Washington (UPI) Jan 10, 2011 This week will be the first test of the year for the survival of the euro, as Portugal, Spain and Italy all have bond auctions. The countries are likely to raise the money they need. The first question is how much they will have to pay in interest to compensate investors for the risk.
The second question is who will take that risk? If the markets go on strike, as they did over Greece and Ireland last year, will the European Central Bank have to come up with the money? And the third question is whether Germany will allow the central bank to do so.
Market reaction has been verging on the surreal. It now costs more to insure the public debt of 15 Western European countries -- including Germany, Greece and Portugal -- than the debt of emergent markets like Romania, Turkey and Ukraine, according to the Markit iTraxx Index of credit default swaps.
These are strange times. The current mood of the markets over Europe is so gloomy that it now costs more to insure the debt of France than that of Thailand. Five-year credit default swaps on French sovereign debt were trading Friday at 110 basis points, the same level as Mexico.
On Friday, Portugal's 10-year bond yields hit 7.14 percent, just above the level that Lisbon officials have said aren't sustainable. Traders in the market said the yield would have risen further but the European Central Bank was buying Portuguese bonds to prevent a sell-off.
A credit default swap index isn't infallible but it says a lot about the current thinking in the markets. This isn't necessarily rational but markets are as much about confidence as they are about fundamentals.
The ratings agencies still rate French sovereign debt as Triple A even though the CDS index suggests that the markets are reckoning French debt as Baa2, not far above junk status. France is a wealthy and technologically advanced country with some world-beating companies and for markets to rate is so low suggests a mood close to panic.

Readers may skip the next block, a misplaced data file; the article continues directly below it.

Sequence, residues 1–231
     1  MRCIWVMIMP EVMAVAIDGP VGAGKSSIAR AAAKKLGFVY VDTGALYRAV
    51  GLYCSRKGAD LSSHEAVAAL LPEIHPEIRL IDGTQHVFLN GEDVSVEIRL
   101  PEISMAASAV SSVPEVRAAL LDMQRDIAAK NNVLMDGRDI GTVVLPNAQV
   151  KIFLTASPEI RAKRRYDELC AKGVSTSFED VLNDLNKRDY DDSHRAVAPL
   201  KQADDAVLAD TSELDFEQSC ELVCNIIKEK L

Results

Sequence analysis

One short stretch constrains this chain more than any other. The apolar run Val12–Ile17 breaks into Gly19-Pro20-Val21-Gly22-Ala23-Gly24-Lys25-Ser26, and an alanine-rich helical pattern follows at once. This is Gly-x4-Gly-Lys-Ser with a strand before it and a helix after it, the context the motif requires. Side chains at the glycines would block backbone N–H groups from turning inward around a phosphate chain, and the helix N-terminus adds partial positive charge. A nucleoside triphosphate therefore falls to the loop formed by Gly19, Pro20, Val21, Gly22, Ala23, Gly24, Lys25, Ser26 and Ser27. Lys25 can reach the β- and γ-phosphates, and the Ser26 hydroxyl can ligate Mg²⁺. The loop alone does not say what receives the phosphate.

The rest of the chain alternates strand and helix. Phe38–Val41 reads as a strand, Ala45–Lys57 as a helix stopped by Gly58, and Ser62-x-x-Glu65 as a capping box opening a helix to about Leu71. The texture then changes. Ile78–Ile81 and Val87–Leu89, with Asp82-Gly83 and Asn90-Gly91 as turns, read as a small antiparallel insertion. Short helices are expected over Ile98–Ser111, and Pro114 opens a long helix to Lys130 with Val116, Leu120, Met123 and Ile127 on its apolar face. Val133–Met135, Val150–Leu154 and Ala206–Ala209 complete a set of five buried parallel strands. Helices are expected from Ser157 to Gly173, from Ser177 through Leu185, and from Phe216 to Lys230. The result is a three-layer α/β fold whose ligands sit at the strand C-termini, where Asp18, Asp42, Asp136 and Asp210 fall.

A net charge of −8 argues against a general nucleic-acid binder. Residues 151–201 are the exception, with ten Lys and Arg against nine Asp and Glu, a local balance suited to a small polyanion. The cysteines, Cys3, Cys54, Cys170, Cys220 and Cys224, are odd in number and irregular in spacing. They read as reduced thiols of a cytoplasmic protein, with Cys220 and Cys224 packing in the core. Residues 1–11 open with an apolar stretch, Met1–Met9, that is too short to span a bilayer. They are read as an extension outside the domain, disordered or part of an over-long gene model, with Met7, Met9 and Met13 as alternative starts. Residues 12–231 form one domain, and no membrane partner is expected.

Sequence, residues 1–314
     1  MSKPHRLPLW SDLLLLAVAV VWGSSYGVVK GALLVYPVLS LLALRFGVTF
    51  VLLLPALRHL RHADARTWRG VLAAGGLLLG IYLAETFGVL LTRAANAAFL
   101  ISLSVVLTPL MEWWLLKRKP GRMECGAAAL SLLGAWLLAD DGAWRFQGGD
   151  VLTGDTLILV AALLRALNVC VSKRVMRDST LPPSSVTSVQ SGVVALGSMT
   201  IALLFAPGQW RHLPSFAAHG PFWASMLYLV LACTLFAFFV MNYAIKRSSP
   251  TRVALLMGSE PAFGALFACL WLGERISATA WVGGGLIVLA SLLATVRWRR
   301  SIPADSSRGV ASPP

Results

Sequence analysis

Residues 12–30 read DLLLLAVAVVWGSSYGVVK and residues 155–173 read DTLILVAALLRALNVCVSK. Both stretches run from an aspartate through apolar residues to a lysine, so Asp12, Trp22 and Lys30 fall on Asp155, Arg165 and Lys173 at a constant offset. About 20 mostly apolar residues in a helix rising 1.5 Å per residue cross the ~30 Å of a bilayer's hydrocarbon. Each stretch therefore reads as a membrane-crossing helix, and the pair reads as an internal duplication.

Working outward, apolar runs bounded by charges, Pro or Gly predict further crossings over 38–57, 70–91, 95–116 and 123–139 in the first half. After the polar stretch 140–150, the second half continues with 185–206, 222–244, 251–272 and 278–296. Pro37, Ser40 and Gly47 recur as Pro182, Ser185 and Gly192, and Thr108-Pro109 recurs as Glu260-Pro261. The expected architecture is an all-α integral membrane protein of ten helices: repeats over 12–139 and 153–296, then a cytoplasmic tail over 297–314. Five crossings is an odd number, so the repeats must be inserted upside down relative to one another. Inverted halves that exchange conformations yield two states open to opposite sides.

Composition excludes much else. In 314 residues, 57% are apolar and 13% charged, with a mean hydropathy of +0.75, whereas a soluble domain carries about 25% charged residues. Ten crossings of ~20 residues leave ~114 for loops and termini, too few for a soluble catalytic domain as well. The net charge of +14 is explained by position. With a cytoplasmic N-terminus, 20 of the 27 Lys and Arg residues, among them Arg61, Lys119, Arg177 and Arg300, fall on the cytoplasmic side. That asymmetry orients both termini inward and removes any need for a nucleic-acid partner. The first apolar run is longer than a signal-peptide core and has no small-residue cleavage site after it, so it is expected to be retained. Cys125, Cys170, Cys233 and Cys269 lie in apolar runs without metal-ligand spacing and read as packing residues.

This matters because of the bond auctions coming this week. If Portugal, Spain and Italy are unable to sell their bonds, or can only sell them at punitive prices, they will start dropping into the same dire position as Greece and Ireland, which last year found the markets virtually closed against them. They had to turn to their eurozone partners to raise the money needed to finance their deficits.
Led by Germany, the other eurozone countries have been able to mobilize a fund that could bail out Greece and Ireland and probably Portugal. But bailing out Spain would be a stretch and a problem with Italy would need a whole new bailout fund.
And now investors are getting nervous about Belgium, whose bond yields rose Friday to 2.5 percent more than German levels after yet another failure by the fractious political parties to form a government. Belgian debt is being traded at the same level as Italy's.
The way the crisis has moved from Greece last spring to Ireland in the fall and now to a new range of countries suggests a slow-motion train crash. The markets know that eurozone countries have to borrow more than a trillion euros this year. But who, other than the ECB, will be prepared to lend the money and at what price?
And the problem isn't going to be solved even by another eurozone rescue fund or another mass purchase of debt by the ECB. Look at Ireland, which secured a $100 billion rescue in November. But as of Friday the cost of insuring its debt on credit default swap rose to 640 basis points, almost half as high again as the 448 basis points it was paying in October.
It means that it costs an annual $640,000 a year to insure $10 million of Irish debt for five years. Paying $3.2 million to insure $10 million of debt is lunacy.
The markets are signaling that they simply don't believe the euro can hold together in its present form. Some kind of restructuring will have to come, not just for Greece and Ireland but also for the countries now in the firing line like Portugal, Spain and perhaps even Italy.
What form that restructuring will take is an open question. So far, we have had a partial restructuring, with Greece and Ireland being put on a drip-feed of public money from the ECB and the more solvent eurozone members, backed by the International Monetary Fund.
But there is neither the money nor the political will to continue that kind of measure for other countries. And Greek and Irish voters are paying dearly in shrunken economies and unemployment and declining living standards.
Despite the market pressure, the eurozone countries seem unable to come up with a convincing solution. That is why the slow-motion train wreck will continue, staring with this week's auctions. It's not a pretty sight.